So I’m going to do these in order first. First, Google dropped Gemini Pro 1.5. This is a very, very cool tool. It’s their ChatGPT or GPT-4 competitor, it’s very, very cool. It can do things like multimodal analysis, so you can feed it text or images or audio. And its big enhancement relative to something like GPT-4 is that it can input up to 1 million tokens. That’s roughly 70,000 words of text or about an hour of video. Which is pretty extraordinary because you can then do some things with that material in memory that can’t really be done any other way.

The tech under the hood gets a little complex , there’s other ways to accomplish the same thing. But having a larger token set is impressive in its own right and opens up some possibilities that haven’t existed before. For instance, you could have, you could upload an immense amount of data into memory and have it analyze that data rather than doing it a piece at a time so you can get a better sense of the big picture. That’s really, really cool and something that is very hard for people other than Google to do because it requires A, enormous processing power and B, it’s pretty expensive in terms of running the damn thing.

So that’s kind of a big deal and something that a startup like OpenAI may have more problems with. Yes, Microsoft can probably do it. Yes, Amazon can probably do it. But the number of companies that can actually pull this off besides those big three is vanishingly small.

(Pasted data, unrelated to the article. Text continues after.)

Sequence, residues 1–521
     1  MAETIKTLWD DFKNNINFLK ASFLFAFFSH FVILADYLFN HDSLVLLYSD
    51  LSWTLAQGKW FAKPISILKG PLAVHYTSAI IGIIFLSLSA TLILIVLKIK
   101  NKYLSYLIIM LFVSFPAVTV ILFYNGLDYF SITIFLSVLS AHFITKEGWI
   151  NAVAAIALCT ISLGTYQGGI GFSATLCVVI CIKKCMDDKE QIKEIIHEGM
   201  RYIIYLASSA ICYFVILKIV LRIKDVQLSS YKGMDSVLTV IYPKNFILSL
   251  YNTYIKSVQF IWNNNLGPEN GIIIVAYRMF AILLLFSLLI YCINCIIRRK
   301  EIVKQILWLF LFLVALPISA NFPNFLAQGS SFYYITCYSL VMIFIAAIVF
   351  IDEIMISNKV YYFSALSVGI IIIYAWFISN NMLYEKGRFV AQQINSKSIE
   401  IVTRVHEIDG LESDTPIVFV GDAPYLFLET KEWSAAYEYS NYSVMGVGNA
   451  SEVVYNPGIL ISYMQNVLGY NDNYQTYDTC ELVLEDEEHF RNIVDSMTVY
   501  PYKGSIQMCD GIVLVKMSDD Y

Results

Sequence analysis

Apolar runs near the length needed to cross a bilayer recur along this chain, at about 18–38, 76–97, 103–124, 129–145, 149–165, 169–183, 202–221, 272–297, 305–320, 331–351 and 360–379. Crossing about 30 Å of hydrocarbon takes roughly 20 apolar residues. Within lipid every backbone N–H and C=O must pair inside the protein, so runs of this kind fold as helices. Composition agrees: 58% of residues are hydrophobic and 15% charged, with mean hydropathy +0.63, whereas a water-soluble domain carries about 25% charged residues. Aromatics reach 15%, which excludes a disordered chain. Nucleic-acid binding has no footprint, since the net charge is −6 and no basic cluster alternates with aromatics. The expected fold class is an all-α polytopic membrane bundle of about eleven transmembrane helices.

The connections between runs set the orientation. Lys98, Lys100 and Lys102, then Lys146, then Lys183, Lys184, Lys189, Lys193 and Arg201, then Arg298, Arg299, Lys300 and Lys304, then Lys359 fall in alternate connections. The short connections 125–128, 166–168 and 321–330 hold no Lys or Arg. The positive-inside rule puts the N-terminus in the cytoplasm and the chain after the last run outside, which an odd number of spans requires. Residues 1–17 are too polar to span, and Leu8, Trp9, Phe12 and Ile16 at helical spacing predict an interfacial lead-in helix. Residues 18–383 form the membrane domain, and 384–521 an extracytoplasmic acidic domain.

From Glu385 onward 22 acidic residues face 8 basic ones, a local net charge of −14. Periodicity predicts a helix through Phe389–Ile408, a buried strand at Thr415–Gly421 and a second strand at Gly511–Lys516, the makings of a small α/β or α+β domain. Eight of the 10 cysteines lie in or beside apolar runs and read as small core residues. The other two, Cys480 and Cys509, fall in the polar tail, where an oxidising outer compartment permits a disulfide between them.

One of the things that I think is important here is Benedict Evans noted in his newsletter he said it’s pretty clear that it’s not going — it, ChatGPT, or it, OpenAI — is not going to be the only company with "the best models."

There’s a very real competition going on here between OpenAI and Google and Microsoft, and probably Amazon and probably Facebook for who is the best AI out there. And that’s something that’s going to play out over time.

Now, of course, OpenAI hasn’t been sitting still the last couple weeks. One, they launched Sora. Sora is so cool. I’ve played with it a little bit. You feed it a line of text, and it can output video, and the videos are remarkable. Also, like we saw with image generation with the early versions of Dall-E or MidJourney, it’s that they can be genuinely weird and disturbing. But when’s the last time you heard people talk about AI-generated images being weird and disturbing? They’re mostly pretty good now. And that’s only taken a few years.

So I’m more interested in what Sora represents over the long term than what it is today. And what it is over the long term is AI-generated video that’s accessible to everybody, to you, relatively inexpensively. More on that in a minute.

The third news story and the one that’s sort of the centerpiece of this whole episode this week is that there’s a news story. The Information reported that OpenAI might launch a search engine. I shared this on LinkedIn and what I said at the time was "this is a major development with broad implications for businesses that get a significant portion of their website traffic from Google. Whether it’s organic search, paid search, meta search, local search, etc., any loss in Google’s market share could impact your revenue. This doesn’t mean Google is going away or that they’ll fail, but the potential market shift could have long term effects."